Genomic signatures of good genes sexual selection

Theme: Evolution & Adaptation

Primary Supervisor:

Andrew Pomiankowski

Genetics, Evolution and Environment, UCL

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Secondary Supervisor:

Kevin Fowler

Genetics, Evolution and Environment, UCL

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Project Description:

This project examines good genes sexual selection in stalk-eyed flies. These are textbook examples of sexual selection where females have strong mating preference for males with exaggerated eyespan and gain genetic benefits from their mate choice. Flies harbour SR, an X-linked meiotic drive element, which acts as a selfish genetic element. SR kills Y-bearing sperm in males, reducing male fertility and producing female-biased broods. SR reduces male eyespan allowing females to discriminate against drive males.

The student will carry out genomic sequencing of the SR chromosomes. SR is distinct from the wildtype X, as it contains a large inversion. The objective is to characterise genomic differences and relate them to the expression of the sexual ornament, and so understand how eyespan acts as an “honest” signal of genetic quality. The student will search for genomic signatures of evolved counter-adaptations to the disruptive effects of SR on male fertility.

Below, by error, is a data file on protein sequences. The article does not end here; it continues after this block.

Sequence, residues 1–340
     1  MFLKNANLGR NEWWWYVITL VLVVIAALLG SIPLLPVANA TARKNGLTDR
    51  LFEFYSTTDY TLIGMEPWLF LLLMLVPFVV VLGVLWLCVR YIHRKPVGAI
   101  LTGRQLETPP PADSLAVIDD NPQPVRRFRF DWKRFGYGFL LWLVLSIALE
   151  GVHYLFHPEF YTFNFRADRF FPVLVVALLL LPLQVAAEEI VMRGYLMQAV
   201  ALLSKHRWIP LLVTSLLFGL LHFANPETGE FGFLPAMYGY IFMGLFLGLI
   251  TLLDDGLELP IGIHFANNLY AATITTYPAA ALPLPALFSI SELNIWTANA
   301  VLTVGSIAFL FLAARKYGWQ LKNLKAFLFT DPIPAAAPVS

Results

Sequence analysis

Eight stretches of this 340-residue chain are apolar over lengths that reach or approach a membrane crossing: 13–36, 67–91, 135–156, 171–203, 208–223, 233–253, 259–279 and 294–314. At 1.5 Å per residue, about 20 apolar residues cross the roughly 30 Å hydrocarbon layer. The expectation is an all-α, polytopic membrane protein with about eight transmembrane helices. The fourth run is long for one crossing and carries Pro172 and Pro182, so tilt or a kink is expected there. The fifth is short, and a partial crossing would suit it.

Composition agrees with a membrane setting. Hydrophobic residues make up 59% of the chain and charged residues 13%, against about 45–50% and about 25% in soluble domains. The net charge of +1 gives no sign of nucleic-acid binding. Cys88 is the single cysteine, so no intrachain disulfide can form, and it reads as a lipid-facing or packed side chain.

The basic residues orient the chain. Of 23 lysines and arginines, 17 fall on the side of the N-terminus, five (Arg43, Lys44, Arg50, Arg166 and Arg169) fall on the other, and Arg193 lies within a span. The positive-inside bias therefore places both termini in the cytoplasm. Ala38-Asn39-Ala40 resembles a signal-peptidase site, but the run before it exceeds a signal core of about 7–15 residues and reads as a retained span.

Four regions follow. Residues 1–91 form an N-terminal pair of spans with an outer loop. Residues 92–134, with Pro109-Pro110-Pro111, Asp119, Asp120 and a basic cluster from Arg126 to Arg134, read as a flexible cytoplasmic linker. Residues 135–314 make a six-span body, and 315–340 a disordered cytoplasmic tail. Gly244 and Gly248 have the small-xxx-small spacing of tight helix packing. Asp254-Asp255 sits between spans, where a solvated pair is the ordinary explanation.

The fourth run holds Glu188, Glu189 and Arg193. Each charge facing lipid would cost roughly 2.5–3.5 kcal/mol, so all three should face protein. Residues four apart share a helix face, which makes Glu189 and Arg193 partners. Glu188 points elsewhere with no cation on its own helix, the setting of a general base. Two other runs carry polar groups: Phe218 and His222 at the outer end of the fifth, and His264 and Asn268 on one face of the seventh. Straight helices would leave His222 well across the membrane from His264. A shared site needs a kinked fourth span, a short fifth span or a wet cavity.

The student will have the opportunity to carry out controlled laboratory experiments and field studies (in Malaysia) with these flies. We need to study how real-world demographic and ecological variables (including mating patterns and condition-dependent responses) influence drive frequency and its impact on sexual selection. Findings will be integrated with analyses of genomic signatures of changes that are beneficial or deleterious to fitness. Overall this project will document the interaction of sexual selection with a genomic region that reduces the fitness of carriers.

Policy Impact of Research:

This project will provide fundamental insights about sexual selection, meiotic drive and potential adaptive responses in mate preference. It has wider economic relevance in contexts including the development of gene-drive technologies as analogues of meiotic drive in the field and the fate of artificial systems for control of pest species.

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